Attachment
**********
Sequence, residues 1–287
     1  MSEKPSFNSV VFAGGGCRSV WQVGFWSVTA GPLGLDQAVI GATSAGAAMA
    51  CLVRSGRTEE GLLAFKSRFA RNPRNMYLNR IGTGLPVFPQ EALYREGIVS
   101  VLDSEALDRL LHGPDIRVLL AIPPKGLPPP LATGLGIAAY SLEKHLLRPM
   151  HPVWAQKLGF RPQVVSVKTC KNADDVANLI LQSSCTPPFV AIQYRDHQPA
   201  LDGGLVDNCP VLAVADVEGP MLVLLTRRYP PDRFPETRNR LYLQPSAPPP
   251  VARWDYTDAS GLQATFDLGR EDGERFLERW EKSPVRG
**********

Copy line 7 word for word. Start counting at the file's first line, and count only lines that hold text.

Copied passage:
   251  VARWDYTDAS GLQATFDLGR EDGERFLERW EKSPVRG